Metzger's former aide released to house arrest in bribery case also involving chief rabbi

Suspect a former driver and top aid to the Ashkenazi chief rabbi is placed under house arrest pending indictment.

June 30, 2013 20:21
1 minute read.
Former chief rabbi Yona Metzger

CHIEF RABBI Yona Metzger 370. (photo credit: Bernadett Szabo/Reuters)

The Rehovot Magistrate’s Court released to house arrest on Sunday a former driver and top aide to Ashkenazi Chief Rabbi Yona Metzger in the ongoing bribery case against Metzger and two others.

Held in custody for over a week, and for longer than any of the other defendants, Haim Nissan Eisenshtat will be placed under house arrest for a minimum of 15 days, pending the filing of an indictment.

Eisenshtat will be prohibited from interacting with anyone but immediate family during that time and must hand over his passport to prevent him from leaving the country.

Further, Eisenshaft and two guarantors must deposit NIS 50,000 before he can be released to house arrest, which the police can confiscate if he goes on the run.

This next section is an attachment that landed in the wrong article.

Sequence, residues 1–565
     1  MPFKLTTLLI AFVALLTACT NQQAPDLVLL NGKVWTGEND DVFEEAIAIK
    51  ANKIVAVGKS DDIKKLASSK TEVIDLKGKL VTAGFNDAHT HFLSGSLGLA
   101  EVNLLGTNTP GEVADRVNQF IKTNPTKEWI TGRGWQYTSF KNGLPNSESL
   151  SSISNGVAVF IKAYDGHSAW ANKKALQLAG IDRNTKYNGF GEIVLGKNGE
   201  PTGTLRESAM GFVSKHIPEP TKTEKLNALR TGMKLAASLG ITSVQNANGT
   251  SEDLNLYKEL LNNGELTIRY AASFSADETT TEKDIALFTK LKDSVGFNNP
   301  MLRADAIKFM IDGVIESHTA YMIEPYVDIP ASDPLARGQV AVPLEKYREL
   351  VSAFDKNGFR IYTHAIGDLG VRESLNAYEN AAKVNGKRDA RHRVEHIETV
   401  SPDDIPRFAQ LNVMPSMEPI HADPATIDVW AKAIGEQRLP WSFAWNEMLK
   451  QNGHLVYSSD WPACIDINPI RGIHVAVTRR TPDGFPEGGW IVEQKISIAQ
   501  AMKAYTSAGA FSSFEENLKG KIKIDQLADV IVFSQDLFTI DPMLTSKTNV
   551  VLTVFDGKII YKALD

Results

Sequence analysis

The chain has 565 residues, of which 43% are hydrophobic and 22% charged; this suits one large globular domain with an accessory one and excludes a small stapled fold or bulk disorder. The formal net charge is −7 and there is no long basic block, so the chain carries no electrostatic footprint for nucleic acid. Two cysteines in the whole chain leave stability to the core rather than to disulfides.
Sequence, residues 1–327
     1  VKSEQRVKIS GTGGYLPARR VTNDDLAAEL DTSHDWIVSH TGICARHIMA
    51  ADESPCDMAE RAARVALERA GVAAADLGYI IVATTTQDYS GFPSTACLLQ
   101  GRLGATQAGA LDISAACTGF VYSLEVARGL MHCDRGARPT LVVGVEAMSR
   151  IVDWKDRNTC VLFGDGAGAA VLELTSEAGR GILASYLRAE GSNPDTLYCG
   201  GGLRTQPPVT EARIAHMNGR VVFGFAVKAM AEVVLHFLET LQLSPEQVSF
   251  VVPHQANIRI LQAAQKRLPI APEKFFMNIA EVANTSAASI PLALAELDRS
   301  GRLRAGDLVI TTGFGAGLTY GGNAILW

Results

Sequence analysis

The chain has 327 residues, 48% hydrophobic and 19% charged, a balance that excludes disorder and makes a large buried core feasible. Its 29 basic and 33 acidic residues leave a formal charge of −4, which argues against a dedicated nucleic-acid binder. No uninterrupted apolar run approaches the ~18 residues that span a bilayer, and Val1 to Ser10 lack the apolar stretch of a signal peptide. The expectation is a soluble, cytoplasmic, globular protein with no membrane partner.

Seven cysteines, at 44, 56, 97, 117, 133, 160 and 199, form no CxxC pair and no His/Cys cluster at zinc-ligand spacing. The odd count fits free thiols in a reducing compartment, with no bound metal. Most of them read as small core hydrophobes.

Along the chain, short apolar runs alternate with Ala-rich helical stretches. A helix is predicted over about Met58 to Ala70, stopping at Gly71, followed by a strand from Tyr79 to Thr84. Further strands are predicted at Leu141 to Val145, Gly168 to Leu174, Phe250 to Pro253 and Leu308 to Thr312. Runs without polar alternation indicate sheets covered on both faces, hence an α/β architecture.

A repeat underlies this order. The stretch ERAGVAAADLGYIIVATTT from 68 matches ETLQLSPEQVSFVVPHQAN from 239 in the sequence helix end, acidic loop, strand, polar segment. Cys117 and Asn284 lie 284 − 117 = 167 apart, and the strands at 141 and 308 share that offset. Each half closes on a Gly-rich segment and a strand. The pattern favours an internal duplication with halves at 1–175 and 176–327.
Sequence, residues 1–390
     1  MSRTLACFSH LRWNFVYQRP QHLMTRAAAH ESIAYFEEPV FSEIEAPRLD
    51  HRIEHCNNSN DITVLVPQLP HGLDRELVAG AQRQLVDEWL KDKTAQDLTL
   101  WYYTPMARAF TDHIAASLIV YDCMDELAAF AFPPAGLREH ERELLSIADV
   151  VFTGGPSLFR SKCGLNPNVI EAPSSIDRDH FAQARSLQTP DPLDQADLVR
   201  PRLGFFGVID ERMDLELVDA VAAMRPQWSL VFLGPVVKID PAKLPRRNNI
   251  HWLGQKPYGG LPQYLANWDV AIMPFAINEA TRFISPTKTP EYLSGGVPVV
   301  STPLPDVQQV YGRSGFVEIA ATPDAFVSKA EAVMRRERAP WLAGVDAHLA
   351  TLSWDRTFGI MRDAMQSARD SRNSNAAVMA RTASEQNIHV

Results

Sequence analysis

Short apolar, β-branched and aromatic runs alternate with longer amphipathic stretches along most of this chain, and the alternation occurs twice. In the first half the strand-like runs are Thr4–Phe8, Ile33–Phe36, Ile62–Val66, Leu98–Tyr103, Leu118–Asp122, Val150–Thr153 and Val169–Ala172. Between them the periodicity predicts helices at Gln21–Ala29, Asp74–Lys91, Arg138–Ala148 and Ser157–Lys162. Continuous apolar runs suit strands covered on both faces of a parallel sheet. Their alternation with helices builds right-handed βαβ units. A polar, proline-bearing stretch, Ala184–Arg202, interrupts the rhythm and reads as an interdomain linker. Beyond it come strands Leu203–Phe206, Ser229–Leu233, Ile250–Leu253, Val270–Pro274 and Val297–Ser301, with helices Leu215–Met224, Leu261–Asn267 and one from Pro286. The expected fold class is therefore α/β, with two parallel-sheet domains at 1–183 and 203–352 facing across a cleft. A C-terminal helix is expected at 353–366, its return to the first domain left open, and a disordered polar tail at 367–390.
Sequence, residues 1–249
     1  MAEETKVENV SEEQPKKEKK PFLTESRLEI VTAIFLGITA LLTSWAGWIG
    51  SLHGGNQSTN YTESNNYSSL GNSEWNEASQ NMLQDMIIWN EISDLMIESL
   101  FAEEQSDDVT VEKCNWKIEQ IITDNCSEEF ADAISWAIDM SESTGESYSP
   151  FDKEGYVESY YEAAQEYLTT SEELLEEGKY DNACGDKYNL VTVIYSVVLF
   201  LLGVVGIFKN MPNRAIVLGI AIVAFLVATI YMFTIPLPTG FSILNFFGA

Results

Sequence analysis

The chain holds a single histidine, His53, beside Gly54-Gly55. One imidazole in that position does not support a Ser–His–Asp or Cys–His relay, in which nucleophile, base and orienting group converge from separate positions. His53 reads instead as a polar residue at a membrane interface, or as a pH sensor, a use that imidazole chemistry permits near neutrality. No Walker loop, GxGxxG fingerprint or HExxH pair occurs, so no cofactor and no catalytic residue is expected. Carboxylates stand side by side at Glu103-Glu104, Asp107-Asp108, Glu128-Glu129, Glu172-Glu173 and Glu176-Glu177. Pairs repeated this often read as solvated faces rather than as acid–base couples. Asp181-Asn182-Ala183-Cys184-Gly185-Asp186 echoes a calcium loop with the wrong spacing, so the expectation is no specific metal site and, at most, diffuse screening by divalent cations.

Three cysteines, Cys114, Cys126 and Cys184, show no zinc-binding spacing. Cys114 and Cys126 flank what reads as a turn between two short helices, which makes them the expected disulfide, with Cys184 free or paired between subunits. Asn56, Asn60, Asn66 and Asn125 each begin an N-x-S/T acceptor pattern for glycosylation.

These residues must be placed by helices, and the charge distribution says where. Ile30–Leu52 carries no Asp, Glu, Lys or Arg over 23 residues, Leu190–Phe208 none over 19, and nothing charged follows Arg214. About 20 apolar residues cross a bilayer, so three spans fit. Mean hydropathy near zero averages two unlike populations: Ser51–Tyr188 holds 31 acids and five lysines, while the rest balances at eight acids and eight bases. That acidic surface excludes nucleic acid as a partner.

The case has nearly brought down the chief rabbi, his aide and two others on bribery, money-laundering and fraud allegations.

The two other suspects – Simcha Karkovsky, manager of the Beit Hatavshil charity in Bnei Brak, and Rabbi Nissan Ben- Zion Zioni, head of a study hall and rabbinical school in Tel Aviv – had been in police custody, but were both released to house arrest earlier than Eisenshaft, suggesting that the driver is more at the center of the alleged scandal.

The decision comes following a successful appeal last week by the three men to the Lod District Court, in which it overruled the Rishon Lezion Magistrate’s Court’s earlier decision extending the suspects detention.

The Lod Court said that the police would be able to complete their investigation earlier than originally estimated.

Metzger remains under house arrest and last week, he suspended himself from most major duties, pending completion of the case. In 2005, a bribery, fraud, and breach of trust case was opened against him, but then-attorney-general Menahem Mazuz decided to close the case in April 2006. At the time, Mazuz said he was disturbed by revelations about how Metzger behaved during the investigation and called for the rabbi to resign.

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